In another example of Duchenne Muscular Dystrophy, the entire exon gets deleted from the DMD gene. This affects the function of governing protein, directly.   

Some mutations, when occurred in one gene, affect the function of another gene. For example, the SOX9 gene mutations directly change the expression of the SRY gene.  

Some mutations are stable and inherited from generation to generation while some are non-stable, occurring only once in a single generation. Stable mutations are usually congenital in nature, whilst non-stable mutations occur after birth, for example, lung cancer.  

It is also important to note that a stable mutation, once incorporated into the genome, can never be repaired, however, the unstable mutation can be repaired by gene therapies and is powerful enough to give the wild-type allele back. 

Chromosomal mutation: 

Chromosomal mutations are yet another class of mutations, commonly found in the genome. These are large and sometimes observable mutations and can vary many phenotypes. In Definition, Change or alteration into the structure or number of chromosomes is known as chromosomal mutation. 

Two broad categories of chromosomal mutations are structural chromosomal mutations and numerical chromosomal mutations. Before discussing each, let us see some common chromosomal mutations. 

Insertion– When a large or small chromosomal section is inserted on the chromosome arm.

Deletion– when a section of a chromosome is removed or deleted from the chromosome.

Different type of genetic mutations

Duplication– When a section or arm of the chromosome is duplicated.

Different type of genetic mutations

Translocation– when a section or a part of the arm, or some portion of chromosome translocated to another chromosome, is known as translocation. Three major types of translocation are balanced translation, unbalanced translocation and Robertsonian translocation. 

Balanced translocation: when two segments (nearly same) are exchanged. Here, roughly or exactly both the fragments involved in the translocation process are similar in size, hence, difficult to investigate by cytogenetic analysis.  

Specialized molecular cytogenetic techniques like FISH or microarray have been used to determine balanced chromosomal translocations. If you wish to learn about each technique, this article will help you. Read more on Cytogenetics: A Brief Introduction To Cytogenetics [Karyotyping, FISH and Microarray].

Studies suggest that balanced translocations are majorly involved in recurrent abortions in females.

Different type of genetic mutations
The image represents a general type of chromosomal translocation.

Reciprocal translocation: Reciprocal translocation is defined as the translocation between two non-homologous chromosomes. Such mutations are common in nature.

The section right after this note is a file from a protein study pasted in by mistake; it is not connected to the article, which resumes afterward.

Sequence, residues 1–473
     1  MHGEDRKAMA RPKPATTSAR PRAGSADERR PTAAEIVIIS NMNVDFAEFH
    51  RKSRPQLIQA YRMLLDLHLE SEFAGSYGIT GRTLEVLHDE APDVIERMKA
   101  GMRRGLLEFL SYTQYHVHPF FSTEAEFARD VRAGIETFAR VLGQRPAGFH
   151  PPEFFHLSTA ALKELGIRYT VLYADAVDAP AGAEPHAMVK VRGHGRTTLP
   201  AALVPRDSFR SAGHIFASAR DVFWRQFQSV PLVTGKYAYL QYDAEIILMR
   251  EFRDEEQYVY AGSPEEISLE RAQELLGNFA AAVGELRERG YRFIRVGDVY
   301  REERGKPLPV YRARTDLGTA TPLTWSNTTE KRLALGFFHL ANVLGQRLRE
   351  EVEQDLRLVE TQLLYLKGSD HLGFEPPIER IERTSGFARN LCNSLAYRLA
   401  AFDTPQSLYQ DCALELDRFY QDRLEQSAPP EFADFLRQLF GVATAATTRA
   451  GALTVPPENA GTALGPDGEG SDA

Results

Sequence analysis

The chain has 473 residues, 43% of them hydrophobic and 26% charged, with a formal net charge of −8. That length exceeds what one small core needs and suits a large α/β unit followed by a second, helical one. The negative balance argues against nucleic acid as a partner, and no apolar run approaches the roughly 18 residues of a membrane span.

Robertsonian translocation: Robertsonian translocation occurs between two acrocentric chromosomes. Acrocentric chromosomes are small-short chromosomes with one long q-arm and a short or very smaller p-arm.

In humans 13, 14, 15, 21, 22 and Y chromosomes are acrocentric. When translocation between two acrocentric chromosomes happens, one (nearly) metacentric and one “only centromeric” chromosome are formed.

Here long arms of both chromosomes are fused together. Therefore, one chromosome becomes a larger metacentric and another chromosome remains without any arms or only with centromere.

Different type of genetic mutations
Different types of chromosomal translocation- balanced translocation, reciprocal translocation and Robertsonian translocation. 

Though the “only centromeric” chromosome does not have any arm, still it contains many genes of both chromosomes. Robertsonian translocations are very rare, only reported in some cases of recurrent abortions. 

Several mental retardations, trisomies and structural abnormalities are also caused by Imbalanced Robertsonian translocation. 

Inversion– When a section of a chromosome is inverted and inserted back on the chromosome. If inversion occurs only on one arm, such inversions are known as paracentric inversion. The centromere isn’t involved here.  If the inversion occurs between two arms of a chromosome, such inversions are known as pericentric inversion. It involves centromere in inversion.

Different type of genetic mutations
The image represents a general type of chromosomal inversion.

Ring chromosome: when both ends of a chromosome are fused together, it creates a ring-like structure and so-called ring chromosome. Long metacentric chromosomes are more prone to ‘ring’ when lost the ‘sealing’ telomeric sequences. 

Telomeres are specific end-regions on chromosomes that prevent end joining for chromosomes. It also has some other functions, to know more read this article: Telomere- definition, structure, and function.